The Measure of Damages in Probate Litigation

An executor has a fiduciary duty as to the beneficiaries of a probate estate. If they breach this duty, the beneficiaries still have to establish the amount of any damages. If the damage is the loss of property, the measure of damages is the fair market value of the property that was lost. This raises…Continue readingThe Measure of Damages in Probate Litigation

Time Limits for Texas Probate Disputes

There are a number of deadlines that apply in probate disputes. These deadlines are strict given the policy for having finality with probate matters. The recent Watson v. Schrader, No. 11-18-00064-CV (Tex. App. [11th Dist.]–2020) case provides an example. Facts & Procedural History The dispute involved wills executed in 1995 and a family trust created…Continue readingTime Limits for Texas Probate Disputes

The Term “Personal Property” in a Will Includes Bank Accounts

When a loved one dies, the surviving family members often find that the decedent’s will included terms that they do not agree with. This may be due to family dynamics, a sense of entitlement, or simply a differing view of who should inherit. These situations often lead to probate disputes. The In re Estate of…Continue readingThe Term “Personal Property” in a Will Includes Bank Accounts

What County do you File a Probate Application in Texas?

What county do you file a probate application in for a Texas probate? The general rule is you file the application in the county in which the decedent resided. But this may not always be the case. The In re Estate of Griffith, No. 05-19-01144-CV (Tex. App.–Dallas [5th Dist.]), provides an example. Facts & Procedural…Continue readingWhat County do you File a Probate Application in Texas?

Can a Dead Person Sue You?

If someone dies, does Texas law allow the dead person to sue you? The answer is not as clear cut as one would think. The court addresses this in Balderaz v. Martin, No. 13-18-00056-CV (Tex. App.-Corpus Christi 2019).Continue readingCan a Dead Person Sue You?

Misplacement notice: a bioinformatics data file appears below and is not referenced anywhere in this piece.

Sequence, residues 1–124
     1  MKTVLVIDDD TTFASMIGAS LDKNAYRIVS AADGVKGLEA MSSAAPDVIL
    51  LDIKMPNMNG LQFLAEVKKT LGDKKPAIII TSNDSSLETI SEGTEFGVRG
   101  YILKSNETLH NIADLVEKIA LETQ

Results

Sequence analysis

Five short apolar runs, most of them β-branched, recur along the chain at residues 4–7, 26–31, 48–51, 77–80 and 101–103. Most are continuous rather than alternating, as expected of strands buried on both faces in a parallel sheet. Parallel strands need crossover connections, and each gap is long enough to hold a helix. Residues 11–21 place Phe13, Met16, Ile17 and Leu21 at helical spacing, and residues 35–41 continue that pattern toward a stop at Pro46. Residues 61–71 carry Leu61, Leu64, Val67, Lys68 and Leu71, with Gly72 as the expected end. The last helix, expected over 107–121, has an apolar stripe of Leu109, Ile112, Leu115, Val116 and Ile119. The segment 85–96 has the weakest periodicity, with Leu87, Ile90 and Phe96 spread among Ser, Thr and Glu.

Recovering Attorney Fees in a Probate Case

One of the issues that often comes up in probate cases is whether the parties can recoup their attorneys fees from the estate. The answer is usually yes, but there are rules involved. The Estate of Pharris, No. 10-17-00260-CV (Ct. App.–Waco 2019), case provides an opportunity to consider these rules. Facts & Procedural History This…Continue readingRecovering Attorney Fees in a Probate Case

Appointment of Temporary Guardian Not Immediately Appealable

In probate and guardianship cases, the parties can appeal most court orders immediately. But what about the appointment of a temporary guardian? If you do not agree with the appointment, can you immediately appeal the probate court’s decision? The court addresses this in In Re Guardianship of Laverne T. Cady, No. 04-19-00588-CV (Ct. App. —…Continue readingAppointment of Temporary Guardian Not Immediately Appealable

Disputing Probate Court’s Family Settlement Agreement

Probate disputes are often resolved using family settlement agreements. These agreements can avoid the costs and delays of full will contests. But they can also lead to additional disputes. The Locasico v. Mongrain, No. 07-18-00280-CV (Tex. App.–7th Dist. 2019) case provides an example of a dispute involving a family settlement agreement in probate court. Facts…Continue readingDisputing Probate Court’s Family Settlement Agreement

Can an Executor Who is Removed be Reappointed?

Texas probate courts have broad powers that can be used to protect estates. This includes the power to remove the executor for the estate. But what if the executor did not want to be removed? What remedies do they have? The Estate of Skima, No. 05-18-01288-CV (Ct. App.–5th Dist [Dallas]), case provides an opportunity to…Continue readingCan an Executor Who is Removed be Reappointed?

Time for Probating an Intestate Estate in Texas

There are special rules that are involved when a Texas resident dies without a will. One set of rules involves heirship proceedings. This is a legal term that refers to the process of identifying who is entitled to inherit from someone who died without a will. Heirship proceedings are often filed several years after the…Continue readingTime for Probating an Intestate Estate in Texas